His logic was that:
If a company is already paying for a commercial database, they would have no problem paying some more for someone to maintain it or develop on it.
I started thinking about what he said to see if its true. Not so long ago, I worked on a project for big car manufacturer in China and they used Oracle databases. They had the resources to hire quite a few PL/SQL developers for something relatively simple (but I am pretty sure those PL/SQL developers are still working on it as they get paid by the hour).
On the other hand, I used to work for a relatively small company that had a profitable website and they used MySQL. During my time there, I put a lot of work into optimizing the MySQL database, although it wasn't my specific job to only work on that.
Would a small company afford to hire a MySQL expert? They would probably choose someone who can do some MySQL and PHP as well.
To strengthen the point, a while ago when I was looking at jobs listings in the UK, the vast majority was for MS SQL positions then Oracle and maybe one or two for MySQL.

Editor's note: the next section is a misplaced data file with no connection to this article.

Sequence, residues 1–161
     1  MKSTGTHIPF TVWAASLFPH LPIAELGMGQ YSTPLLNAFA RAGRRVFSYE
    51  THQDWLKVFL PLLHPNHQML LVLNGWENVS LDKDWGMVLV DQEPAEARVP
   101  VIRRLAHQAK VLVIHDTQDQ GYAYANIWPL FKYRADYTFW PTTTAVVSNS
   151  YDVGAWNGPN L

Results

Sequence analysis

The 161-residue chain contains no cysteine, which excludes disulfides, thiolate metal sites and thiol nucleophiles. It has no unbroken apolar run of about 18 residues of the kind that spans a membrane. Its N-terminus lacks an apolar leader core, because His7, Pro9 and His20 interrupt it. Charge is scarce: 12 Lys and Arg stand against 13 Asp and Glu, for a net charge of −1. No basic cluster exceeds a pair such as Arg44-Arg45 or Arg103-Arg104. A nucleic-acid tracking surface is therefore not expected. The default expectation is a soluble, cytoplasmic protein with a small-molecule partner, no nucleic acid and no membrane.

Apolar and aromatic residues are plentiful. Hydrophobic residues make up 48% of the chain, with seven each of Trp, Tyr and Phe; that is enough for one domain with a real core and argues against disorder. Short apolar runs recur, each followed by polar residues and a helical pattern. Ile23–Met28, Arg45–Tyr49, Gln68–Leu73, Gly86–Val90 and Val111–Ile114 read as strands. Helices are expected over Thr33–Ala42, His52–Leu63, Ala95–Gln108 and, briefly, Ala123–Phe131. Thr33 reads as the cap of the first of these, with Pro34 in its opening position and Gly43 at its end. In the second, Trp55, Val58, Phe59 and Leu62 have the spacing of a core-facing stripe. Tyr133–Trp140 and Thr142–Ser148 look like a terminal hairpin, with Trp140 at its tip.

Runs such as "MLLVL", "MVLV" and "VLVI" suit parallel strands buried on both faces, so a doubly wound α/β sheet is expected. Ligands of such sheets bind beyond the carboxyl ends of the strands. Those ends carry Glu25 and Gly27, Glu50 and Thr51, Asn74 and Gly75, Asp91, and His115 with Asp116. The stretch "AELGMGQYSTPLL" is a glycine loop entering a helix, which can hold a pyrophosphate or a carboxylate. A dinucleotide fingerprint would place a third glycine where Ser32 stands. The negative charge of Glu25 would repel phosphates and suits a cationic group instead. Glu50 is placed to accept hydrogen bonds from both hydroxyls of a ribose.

My own conclusions are that it depends on which environment you would like to work in. I noticed that medium/enterprise businesses tend to work with commercial databases and web companies use MySQL. So sticking to expertise in certain databases will force you into certain companies.
Thats not to say, however, that if you only know MS SQL, you will never work with a company that has a website. Quite a few websites use MS SQL (no where near MySQL though) and companies that use Oracle for their offices might choose to use Oracle for their website too.
Personally, I really liked working for my old web company. It was exciting, interesting and allowed me to gain experiences in many new fields (and it was also where I started liking MySQL).
Where as the enterprise company I worked for was slow, dull, very restrictive and very frustrating.
Can I make a connection between companies and which database they use to whether you will enjoy working there? Absolutely not.
For now, I will stick to be a part of the MySQL community, simply because I enjoy it. I will look for jobs that hopefully I will enjoy working there. It also wouldn't hurt to learn about all the other databases, if nothing else for my own knowledge.